Apple made a point when introducing the Apple Watch to show that unlike the various other smartwatches out there, theirs was coming in two different sizes, and now we know that also means two different resolutions. The reasoning is almost entirely gender fashion based: bigger watches look goofy on smaller female wrists, so they get smaller watches. That means the Apple Watch has two different-sized displays — the larger 42mm-tall watch has a 390x312 screen (38mm diagonally), while the smaller 38mm-tall Apple Watch has a 340x272 screen (33.3mm diagonally). This does compare well to competing Android Wear smartwatches, which tend to feature screens that aren't quite as pixel-dense.
This means that developers building Apple Watch apps will have to design for both screen sizes. Most of the work will be the same, generally, as women tend to also have smaller fingers than men and can work the smaller targets (it's not a huge size difference, after all), but any graphical assets will have to be produced in both sizes. For example, a notification icon on the 42mm Apple Watch would be 32px tall, while on the smaller model it will be 29px. With such a small difference in size there's no way to elegantly scale down the icon without losing quality.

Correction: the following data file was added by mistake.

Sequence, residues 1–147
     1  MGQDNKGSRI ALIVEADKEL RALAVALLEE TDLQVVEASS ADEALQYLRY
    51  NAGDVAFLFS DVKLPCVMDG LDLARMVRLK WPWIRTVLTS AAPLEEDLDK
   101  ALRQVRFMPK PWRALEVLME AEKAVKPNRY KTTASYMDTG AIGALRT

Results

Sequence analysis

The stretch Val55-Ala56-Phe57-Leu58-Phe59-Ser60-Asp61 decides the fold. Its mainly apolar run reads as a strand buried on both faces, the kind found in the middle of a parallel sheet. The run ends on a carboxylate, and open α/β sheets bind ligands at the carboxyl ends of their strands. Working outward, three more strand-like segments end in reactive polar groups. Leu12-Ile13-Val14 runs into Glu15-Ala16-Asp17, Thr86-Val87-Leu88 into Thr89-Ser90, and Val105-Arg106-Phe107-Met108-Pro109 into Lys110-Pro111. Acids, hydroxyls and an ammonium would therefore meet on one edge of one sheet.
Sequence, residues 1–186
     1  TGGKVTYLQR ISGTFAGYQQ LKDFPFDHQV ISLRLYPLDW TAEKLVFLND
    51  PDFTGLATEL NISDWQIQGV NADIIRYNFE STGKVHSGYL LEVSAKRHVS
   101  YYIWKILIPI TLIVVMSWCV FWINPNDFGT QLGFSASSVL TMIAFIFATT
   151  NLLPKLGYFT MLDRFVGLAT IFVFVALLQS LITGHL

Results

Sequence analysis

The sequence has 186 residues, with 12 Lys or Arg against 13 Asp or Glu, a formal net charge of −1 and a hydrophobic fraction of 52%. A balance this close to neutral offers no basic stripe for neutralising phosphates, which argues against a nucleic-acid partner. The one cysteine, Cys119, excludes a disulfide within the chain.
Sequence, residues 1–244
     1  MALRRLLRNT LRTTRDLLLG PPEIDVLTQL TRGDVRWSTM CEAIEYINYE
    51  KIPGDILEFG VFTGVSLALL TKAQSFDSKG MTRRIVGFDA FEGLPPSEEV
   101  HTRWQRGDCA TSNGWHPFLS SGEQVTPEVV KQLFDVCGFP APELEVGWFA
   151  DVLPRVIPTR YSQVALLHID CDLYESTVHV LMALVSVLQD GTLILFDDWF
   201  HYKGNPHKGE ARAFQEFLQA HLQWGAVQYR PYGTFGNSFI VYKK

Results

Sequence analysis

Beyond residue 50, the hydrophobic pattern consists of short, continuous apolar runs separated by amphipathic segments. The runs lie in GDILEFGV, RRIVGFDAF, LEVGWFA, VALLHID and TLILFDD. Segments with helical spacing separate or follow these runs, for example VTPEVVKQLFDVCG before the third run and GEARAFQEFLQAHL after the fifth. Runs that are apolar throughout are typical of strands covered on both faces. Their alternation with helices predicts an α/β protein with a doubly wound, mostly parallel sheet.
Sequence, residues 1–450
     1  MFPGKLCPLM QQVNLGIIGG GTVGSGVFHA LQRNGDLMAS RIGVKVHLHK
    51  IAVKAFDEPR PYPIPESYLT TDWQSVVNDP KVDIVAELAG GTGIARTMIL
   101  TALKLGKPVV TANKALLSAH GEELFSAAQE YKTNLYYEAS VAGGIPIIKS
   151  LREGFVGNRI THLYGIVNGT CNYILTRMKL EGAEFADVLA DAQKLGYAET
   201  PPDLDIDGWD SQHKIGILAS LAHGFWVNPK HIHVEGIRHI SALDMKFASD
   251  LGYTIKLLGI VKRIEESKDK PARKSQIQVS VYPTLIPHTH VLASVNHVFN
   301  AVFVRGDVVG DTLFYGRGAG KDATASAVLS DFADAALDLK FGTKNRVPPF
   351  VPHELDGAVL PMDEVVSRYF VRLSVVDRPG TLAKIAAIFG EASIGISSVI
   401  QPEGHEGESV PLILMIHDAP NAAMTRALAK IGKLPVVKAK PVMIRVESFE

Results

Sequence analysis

Sure, there are ways Apple could have gotten around this, but there's a reason they went the route they've gone. Mandating much higher resolution images so they could be easily scaled down to size while maintaining quality would lead to bloated apps. Scaling the 42mm Apple Watch's display down to to the 38mm size with the same resolution would add cost to the manufacturing process as well as through a wrench into building apps that depend on UI items of a specific size regardless of the size of the watch. So this is the solution we've got, two different resolutions with separate design requirements.